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Fees charged by real estate agents vary be region, workload
By Edith Lank | Columnist
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Published: 10/2/2010 11:18 PM

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Q. How much do Realtors charge for listing and selling a home?

A. Agents usually work for a percentage of the eventual sale price. Although, it's perfectly possible to agree on a flat amount, or as with most lawyers, an hourly fee.

There is no standard rate, and each company is free to set its own charges. While upfront fees are possible, the brokerage traditionally waits to be paid at the end, out of the proceeds of the sale, if and when the property actually changes hands. Payment is made directly to the company, not to the individual salesperson handling the property.

The specific percentage rate is determined by agreement between agent and client, and it can be any figure they agree on. Like the price of gasoline or milk, though, charges for real estate services tend to cluster around the same figure in any given community. I've had readers from different areas mention "the usual 7 percent," "a standard 5 percent," or "as always, 6 percent."

A brokerage might charge more when working with vacant land that will take a long time to sell and require more driving to show, or with inexpensive property that might not otherwise pay for the effort and advertising costs. A reduced commission, on the other hand, might be negotiated for a very expensive property, or something listed at a bargain price for a quick sale.

When property is listed by one company and sold by another, the fee is divided according to agreement between the brokers, with no extra charge to the seller.

All I have is a house that is not paid for yet. I would like to know how I would leave it to my daughter when I die. Should I put her name on it now?

A. Without knowing more of your circumstances, I'd guess that the simplest and best way to leave your house to your daughter is to say so in a will. Find yourself an attorney who specializes in elder law. He or she will know if some other arrangement would suit your circumstances better and will take care of any needed paperwork.

I owe $45,000 on my home and it was recently appraised for $126,000. Should I try to get a rent-to-buy or sell it? It needs some work that I can't afford.

A. Are you saying you want to move out? If so, it sounds as if you'd be better off selling the house outright. Negotiating a rent-to-buy contract is no job for an inexperienced landlord, and it's easy to end up in trouble. It wouldn't solve your repair problems anyhow.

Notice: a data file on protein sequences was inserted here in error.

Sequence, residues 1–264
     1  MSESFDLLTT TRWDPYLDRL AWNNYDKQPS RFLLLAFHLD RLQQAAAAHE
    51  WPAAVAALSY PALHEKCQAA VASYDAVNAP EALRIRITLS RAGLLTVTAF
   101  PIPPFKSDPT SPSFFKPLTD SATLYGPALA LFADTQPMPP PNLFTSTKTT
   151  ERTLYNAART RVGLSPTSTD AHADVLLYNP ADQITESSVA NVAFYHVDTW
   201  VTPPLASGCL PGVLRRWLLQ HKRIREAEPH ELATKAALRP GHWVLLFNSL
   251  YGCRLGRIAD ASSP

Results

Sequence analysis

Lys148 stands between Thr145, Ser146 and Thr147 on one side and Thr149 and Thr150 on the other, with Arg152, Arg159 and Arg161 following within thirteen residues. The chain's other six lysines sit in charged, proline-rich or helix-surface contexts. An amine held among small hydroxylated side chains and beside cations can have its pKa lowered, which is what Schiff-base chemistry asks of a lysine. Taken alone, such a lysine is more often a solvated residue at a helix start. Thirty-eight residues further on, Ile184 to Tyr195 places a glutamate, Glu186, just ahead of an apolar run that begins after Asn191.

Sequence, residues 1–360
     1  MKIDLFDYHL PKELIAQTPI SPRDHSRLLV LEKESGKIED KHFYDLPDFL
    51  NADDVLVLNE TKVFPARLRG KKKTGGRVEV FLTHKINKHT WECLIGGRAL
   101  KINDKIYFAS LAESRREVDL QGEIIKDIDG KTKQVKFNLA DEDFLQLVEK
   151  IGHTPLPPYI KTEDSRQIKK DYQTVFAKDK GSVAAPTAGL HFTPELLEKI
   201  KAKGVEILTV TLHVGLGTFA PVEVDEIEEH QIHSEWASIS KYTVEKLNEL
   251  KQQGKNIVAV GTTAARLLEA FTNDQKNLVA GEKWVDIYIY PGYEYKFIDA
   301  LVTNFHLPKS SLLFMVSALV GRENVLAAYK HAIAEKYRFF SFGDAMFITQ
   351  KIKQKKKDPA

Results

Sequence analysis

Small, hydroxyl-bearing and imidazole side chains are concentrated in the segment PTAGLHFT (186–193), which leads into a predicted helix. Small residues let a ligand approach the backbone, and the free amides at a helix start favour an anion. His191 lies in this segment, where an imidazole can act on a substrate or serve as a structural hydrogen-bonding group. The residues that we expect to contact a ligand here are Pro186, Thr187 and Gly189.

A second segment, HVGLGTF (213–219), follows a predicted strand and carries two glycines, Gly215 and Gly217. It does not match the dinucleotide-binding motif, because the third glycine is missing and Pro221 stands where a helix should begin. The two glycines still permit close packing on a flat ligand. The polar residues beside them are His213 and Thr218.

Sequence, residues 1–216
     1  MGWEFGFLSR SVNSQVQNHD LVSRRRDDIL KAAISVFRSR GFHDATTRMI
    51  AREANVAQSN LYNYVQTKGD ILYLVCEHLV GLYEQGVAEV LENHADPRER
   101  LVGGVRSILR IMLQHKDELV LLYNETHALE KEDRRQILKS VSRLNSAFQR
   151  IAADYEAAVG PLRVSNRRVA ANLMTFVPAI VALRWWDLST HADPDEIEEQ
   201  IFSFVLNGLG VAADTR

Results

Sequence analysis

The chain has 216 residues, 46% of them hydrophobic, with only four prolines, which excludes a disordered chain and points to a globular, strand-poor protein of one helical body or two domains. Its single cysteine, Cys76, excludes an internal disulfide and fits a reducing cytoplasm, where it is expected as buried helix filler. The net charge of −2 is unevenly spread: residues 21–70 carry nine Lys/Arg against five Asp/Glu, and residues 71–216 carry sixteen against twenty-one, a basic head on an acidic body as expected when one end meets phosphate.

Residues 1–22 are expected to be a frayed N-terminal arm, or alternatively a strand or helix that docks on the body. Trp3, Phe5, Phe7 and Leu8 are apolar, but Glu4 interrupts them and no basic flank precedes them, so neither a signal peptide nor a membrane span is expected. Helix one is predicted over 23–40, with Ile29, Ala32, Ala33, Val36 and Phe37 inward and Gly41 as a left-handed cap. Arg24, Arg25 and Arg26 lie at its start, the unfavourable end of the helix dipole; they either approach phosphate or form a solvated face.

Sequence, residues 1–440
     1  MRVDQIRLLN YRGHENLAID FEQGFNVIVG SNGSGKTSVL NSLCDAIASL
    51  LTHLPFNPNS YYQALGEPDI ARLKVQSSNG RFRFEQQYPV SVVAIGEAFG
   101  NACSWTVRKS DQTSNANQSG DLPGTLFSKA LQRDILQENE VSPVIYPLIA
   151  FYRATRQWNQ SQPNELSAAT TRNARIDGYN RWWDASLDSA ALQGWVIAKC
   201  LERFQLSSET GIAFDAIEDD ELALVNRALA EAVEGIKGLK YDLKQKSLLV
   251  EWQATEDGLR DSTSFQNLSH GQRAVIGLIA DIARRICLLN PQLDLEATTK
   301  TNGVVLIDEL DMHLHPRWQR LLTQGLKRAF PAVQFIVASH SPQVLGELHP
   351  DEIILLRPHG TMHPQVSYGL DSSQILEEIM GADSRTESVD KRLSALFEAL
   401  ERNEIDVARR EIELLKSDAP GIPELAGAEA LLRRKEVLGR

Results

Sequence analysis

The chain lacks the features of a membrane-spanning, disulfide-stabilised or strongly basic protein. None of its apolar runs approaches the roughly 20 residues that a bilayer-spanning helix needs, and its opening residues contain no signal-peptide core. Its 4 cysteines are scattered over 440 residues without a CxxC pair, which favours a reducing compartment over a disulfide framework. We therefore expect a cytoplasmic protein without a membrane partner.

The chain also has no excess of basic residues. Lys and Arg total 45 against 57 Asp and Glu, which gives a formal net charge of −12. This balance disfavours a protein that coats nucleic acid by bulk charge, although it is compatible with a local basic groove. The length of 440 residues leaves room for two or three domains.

Call some local real estate brokers and ask about putting the house on the market as is. The agents will know if you can sell the house in its present condition. If you can't, they'll have better advice than I can give you sight unseen.

My husband and I are retired and ready to downsize. We have a unique property: a geodesic dome and a 2,000-square-foot shop building on 26 acres. We know this will take some time to sell.

We would really like to talk to someone knowledgeable about the real estate market and who can guide us as to the timing of putting the house on the market. We are leery of contacting a real estate agent before we are ready to commit; previous experience has shown us that once an agent is involved, we will be pressured to list immediately.

Specifically, we are thinking to list around next March in order to take advantage of people looking during the spring months. But does the unusual nature of the property mean we should perhaps list as soon as possible, because the sale will take more time than a more traditional home?

How do we find someone who can discuss the ins and outs of this without immediately jumping into a contract? Do you think we should we call an agent?

A. Don't call an agent. Call every agent you can find. Get in touch with every brokerage that's active in your town and ask them to send someone over.

You can always make it clear that you won't list with any agent who pesters you. But you'll get lots of good advice, and you may well meet a broker who inspires confidence someone who seems to do business in a way that feels right to you.

Meanwhile, assuming you don't mind the neighbors knowing you may be moving, word will get out that "The Dome" may be for sale, which can't hurt.

I need advice in prepaying the remaining mortgage loan (nine years of 15 years left at the rate of 5.375 percent). Can you let me know the steps to do it, to make it foolproof and perfectly legal?

A. Ask your mortgage company for a payoff statement. It will calculate exactly how much you would owe on a certain day in the future, including instructions for how to make the payment.

After that's done, your mortgage company should issue a certificate of satisfaction stating that the debt has been cleared. This important document must be entered in your county's public records office. Most lenders will do that, and then it may take a few months the certificate is forwarded to you. It should carry a stamp indicating that it's been recorded. If not, contact your records office to double-check. If it's not on file, you can take it down there and enter it yourself.

You are also entitled to a refund of any money left in your escrow account (if you have one) because that's your money. And from now on, you'll be paying your own taxes and insurance bills directly.

• Edith Lank will respond to questions sent to her at 240 Hemingway Drive, Rochester, N.Y. 14620 (please include a stamped return envelope), or readers may e-mail her at ehlank@aol.com.

2010, Creators Syndicate Inc.